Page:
31 August 2018
Photo from the website of the Munich Residence Museum (Bavarian Palace Department)
Stefanie here – I really wanted to share a picture or two and some information about this amazing and beautiful work of art. I’m a bit of a history geek – particularly medieval history, and yesterday, I was reading about Richard the Second (Below left in a coronation painting from Westminster Abbey). He was, and still is, known for his love of arts and culture – unfortunately possibly at the expense of sound administration or rule – and (by the way!) one of his commissions, the Wilton Diptych (below right), housed at the National Gallery, is an absolutely stunning example of his patronage.
Images from Wikipedia
In 1382, when he was fifteen, and she sixteen, he married Anne of Bohemia in Westminster Abbey, and it’s thought that she brought this crown with her when she came to England. There seems to be a bit of debate about its origins (including a suggestion that the crown was already a part of the jewels of Edward the third), but the general opinion is that the craftsmanship is European, most likely with at least an influence of Parisian or Venetian style. Personally, I’d like to think that Richard might have had a hand in its purchase, but I’m sure he would have at least appreciated its magnificence!
According to the inventory of Richard, the crown was decorated with 91 pearls, 63 balas rubies, 47 sapphires, 33 diamonds, and 5 emeralds, weighed nearly 1kg, and was valued at £246 13s and 4d. It’s 18cm in diameter and height, and comes apart and folds for transportation! Obviously a true feat of goldsmithing.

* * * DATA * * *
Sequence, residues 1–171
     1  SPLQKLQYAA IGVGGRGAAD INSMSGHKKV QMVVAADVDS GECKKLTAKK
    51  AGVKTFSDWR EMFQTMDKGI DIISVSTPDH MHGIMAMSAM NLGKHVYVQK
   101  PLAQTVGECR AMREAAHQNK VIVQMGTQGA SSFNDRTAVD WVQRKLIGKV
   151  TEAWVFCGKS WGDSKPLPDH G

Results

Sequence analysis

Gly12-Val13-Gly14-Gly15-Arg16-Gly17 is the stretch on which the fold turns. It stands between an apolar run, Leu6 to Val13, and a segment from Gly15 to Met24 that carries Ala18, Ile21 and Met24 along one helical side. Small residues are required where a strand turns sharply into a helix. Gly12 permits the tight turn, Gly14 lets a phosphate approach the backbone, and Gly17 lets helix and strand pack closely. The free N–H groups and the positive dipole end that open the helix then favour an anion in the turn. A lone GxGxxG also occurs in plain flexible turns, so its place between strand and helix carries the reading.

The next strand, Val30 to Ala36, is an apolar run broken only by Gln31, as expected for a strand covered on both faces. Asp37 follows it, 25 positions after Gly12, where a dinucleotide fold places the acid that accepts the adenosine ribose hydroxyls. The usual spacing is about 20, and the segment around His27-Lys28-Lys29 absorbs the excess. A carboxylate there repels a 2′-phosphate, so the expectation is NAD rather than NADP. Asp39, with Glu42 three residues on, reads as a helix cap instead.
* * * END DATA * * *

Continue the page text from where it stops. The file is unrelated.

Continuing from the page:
Images from Wikipedia
Above is a contemporary painting of the wedding of Richard and Anne, in the same illuminated style that he favoured, and a later painting of the funeral of Anne, who died of plague in 1394, and apparently was much mourned, Richard being so affected that he demolished Sheen Manor, where she had spent her final days.
Sadly, the crown left England after Richard's depostion, as part of the dowry of Henry IV’s eldest daughter, Blanche, when she married Louis, the heir to the throne of Germany. It’s now housed in Munich. I was disappointed to find that I’d missed a relatively recent exhibition at the V&A, where it had been on show, but maybe one day I’ll visit to see it in the flesh!
It also reminds me of these pieces we have in the shop, which maybe share inspirational design influences, though I’m not sure how Jon would feel about me saying that!
This is Jon's 18ct Fairtrade Rose Gold Rhodolite and Brown Diamond Winter Meadow Ring
And this is one of Jon's floral designs in yellow gold with Marquise pink and green tourmalines